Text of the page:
Would you like to make more of your UK pension fund when you become an expat in France?
If so, you might find that a SIPP (a self-invested personal pension) is something that will help you generate the best retirement income possible. This option won’t be right for everyone. It’s important to have a qualified financial advisor review your position, but you may find that a SIPP gives you the potential to make the most of your pension fund whilst you enjoy the good life in France. We asked Jennie Poate at Beacon Global Wealth, expat finance advisors, to explain SIPPs.
Self- Invested Personal Pensions (SIPPs)
A SIPP sounds like it might be really complex, time consuming, stressful. But that’s not the case. All it means is that this is a tax efficient pension wrapper. Its aim is to give you flexibility.
That said, a SIPP can be simple or more sophisticated – which is where your financial advisor comes into the equation. Some people like to be hands on with their SIPP, but most don’t and want to leave investment decisions to the experts.
SIPP explained in plain English
A SIPP is a wrapper that goes around your pension investments. It allows you to benefit from tax breaks for example taking a tax-free lump sum of up to 25 per cent of your pension pot after the age of 55-years old.
Investors are also able to reclaim income tax on contributions (the annual UK allowance 2017 is £40,000). For higher rate taxpayers – the reclaim is very beneficial.
And, as well as paying personal contributions into your SIPP yourself, contributions may be paid by another person on your behalf e.g. a family member or if you are employed, your employer.
A SIPP enables investors to take control of financial decision making rather than leaving it in the hands of insurance companies and fund managers. But while SIPPs offer greater flexibility than traditional pension schemes, they often have higher charges and the time involved in research means they may be more suitable for experienced investors.
Can expats in France hold a SIPP?
If you’re a UK expat living in France, yes, you can consider a SIPP. As with other personal pensions, you do not have to live in the UK to be able to invest in a SIPP.
However, there are a few important considerations to consider if you do not live in the UK and are considering a SIPP.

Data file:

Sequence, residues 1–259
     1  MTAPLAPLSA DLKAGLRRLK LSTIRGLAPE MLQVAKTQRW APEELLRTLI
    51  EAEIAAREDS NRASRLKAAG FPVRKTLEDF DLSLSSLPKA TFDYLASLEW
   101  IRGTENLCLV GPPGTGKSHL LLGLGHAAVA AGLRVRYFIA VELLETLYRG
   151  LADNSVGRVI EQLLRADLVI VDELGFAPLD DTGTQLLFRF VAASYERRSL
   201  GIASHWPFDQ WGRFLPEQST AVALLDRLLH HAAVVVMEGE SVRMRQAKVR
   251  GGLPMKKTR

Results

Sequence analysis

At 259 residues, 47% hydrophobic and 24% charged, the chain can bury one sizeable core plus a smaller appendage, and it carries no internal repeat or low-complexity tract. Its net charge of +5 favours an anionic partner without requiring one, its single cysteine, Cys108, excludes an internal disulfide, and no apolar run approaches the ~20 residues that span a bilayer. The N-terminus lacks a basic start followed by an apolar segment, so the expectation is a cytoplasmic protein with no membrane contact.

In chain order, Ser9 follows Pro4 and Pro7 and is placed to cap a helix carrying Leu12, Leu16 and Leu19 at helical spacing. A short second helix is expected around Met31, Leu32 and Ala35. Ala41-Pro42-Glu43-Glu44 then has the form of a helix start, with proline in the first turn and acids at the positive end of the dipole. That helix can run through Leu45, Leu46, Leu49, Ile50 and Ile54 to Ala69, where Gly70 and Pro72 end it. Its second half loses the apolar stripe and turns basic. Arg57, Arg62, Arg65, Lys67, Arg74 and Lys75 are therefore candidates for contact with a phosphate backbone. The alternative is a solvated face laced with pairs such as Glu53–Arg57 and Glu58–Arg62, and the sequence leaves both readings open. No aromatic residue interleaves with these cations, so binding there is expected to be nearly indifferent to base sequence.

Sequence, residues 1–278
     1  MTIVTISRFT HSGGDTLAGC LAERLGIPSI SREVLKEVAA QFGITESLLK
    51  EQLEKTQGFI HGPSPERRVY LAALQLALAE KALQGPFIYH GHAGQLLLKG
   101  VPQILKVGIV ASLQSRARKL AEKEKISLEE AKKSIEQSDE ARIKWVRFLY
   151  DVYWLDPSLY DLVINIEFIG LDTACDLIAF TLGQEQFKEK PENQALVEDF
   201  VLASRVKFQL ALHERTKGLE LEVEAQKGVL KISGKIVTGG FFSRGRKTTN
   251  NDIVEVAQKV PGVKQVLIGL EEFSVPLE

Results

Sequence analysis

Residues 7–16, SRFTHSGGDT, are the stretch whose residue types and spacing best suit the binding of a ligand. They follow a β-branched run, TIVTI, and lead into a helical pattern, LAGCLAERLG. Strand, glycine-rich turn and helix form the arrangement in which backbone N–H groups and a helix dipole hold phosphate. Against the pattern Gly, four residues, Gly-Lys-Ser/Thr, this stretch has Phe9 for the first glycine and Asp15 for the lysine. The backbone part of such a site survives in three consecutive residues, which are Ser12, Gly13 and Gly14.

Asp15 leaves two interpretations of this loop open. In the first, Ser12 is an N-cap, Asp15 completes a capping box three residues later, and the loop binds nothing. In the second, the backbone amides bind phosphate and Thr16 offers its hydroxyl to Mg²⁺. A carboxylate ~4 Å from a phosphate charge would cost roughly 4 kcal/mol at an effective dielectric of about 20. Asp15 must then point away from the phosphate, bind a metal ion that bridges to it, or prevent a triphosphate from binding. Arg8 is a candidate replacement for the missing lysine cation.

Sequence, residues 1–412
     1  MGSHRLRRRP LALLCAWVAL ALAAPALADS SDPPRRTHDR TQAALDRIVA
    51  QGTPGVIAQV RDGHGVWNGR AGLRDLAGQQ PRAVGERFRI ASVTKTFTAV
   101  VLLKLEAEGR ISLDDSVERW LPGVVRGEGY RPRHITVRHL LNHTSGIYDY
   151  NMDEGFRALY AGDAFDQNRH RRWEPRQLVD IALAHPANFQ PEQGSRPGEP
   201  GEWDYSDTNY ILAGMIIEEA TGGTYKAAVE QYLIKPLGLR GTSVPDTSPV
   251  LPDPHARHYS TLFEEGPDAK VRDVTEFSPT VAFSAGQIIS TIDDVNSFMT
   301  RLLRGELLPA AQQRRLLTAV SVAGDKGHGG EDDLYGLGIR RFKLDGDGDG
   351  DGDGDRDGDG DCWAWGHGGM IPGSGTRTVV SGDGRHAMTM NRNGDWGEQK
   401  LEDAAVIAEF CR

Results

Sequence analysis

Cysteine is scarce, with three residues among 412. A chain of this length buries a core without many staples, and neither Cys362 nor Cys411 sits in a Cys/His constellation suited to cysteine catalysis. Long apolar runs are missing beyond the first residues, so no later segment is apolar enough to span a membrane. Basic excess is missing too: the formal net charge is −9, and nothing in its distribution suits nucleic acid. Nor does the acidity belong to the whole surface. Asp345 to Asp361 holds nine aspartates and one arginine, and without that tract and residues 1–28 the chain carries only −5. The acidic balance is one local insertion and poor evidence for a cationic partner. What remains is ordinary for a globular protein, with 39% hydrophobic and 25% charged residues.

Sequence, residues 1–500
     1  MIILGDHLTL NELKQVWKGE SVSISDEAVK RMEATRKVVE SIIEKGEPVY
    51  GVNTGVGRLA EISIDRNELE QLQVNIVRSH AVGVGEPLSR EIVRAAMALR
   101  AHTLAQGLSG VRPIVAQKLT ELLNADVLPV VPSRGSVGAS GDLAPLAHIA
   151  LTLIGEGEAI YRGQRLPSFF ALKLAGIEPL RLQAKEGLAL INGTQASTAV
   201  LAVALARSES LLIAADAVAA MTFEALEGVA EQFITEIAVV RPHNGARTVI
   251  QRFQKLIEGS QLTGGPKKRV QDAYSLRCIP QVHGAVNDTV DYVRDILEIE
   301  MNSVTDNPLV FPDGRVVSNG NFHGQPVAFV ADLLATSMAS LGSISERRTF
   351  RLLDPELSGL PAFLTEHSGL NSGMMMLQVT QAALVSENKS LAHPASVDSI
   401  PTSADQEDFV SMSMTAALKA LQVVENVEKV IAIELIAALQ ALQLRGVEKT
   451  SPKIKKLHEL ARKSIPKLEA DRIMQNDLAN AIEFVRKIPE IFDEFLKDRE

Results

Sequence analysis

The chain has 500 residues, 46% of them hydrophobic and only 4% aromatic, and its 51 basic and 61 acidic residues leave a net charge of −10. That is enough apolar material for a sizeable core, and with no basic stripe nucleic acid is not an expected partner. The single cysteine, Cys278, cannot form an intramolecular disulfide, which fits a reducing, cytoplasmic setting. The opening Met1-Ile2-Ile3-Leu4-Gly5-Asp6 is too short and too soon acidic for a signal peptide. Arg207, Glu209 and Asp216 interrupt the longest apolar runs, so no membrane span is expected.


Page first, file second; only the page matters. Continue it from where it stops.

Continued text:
As SIPPs are held in the UK, and are normally held in Sterling. This means that if you plan to draw an income from your SIPP while you live abroad you will be liable to currency fluctuations, so you may wish to factor this is into your retirement planning. For people who plan to retire abroad and not return to the UK, there may be other options (such as a QROPS) which offer similar benefits, but enable you to invest in different currencies.
Conversely, if you are paying into your SIPP while you live abroad and the value of the pound falls, the amount you are actually investing will increase.
SIPPs abide by UK pension rules and are affected by any changes the UK Government makes to pension rules. One example of this would be the recent changes to the Lifetime Pension Allowance where the Government reduced the allowance from £1.25m to £1m.
It’s important to understand the local French tax rules, as well as those in the UK before making a decision about how to draw an income from a SIPP.
Finally, and perhaps crucially, many expats will speak to a financial adviser when making a decision about their retirement plans. If you are seeking advice from an adviser in the UK, remember that they may not be fully aware of all the opportunities for expats. It is important you speak to an independent financial adviser who understands both the UK and French tax rules.
Whatever you do, it is important to do your homework as there are many different types of SIPPs each offering different investment options.
For expert advice contact Jennie Poate: jennie (@) bgwealthmanagement.net or via the Beacon Global Wealth website
The financial advisers trading under Beacon Wealth Management are members of Nexus Global (IFA Network). Nexus Global is a division within Blacktower Financial Management (International) Limited (BFMI). All approved individual members of Nexus Global are Appointed Representatives of BFMI. BFMI is licensed and regulated by the Gibraltar Financial Services Commission and bound by their rules under licence number FSC00805B.
And the information on this page is intended as an introduction only and is not designed to offer solutions or advice. Beacon Global Wealth Management can accept no responsibility whatsoever for losses incurred by acting on the information on this page.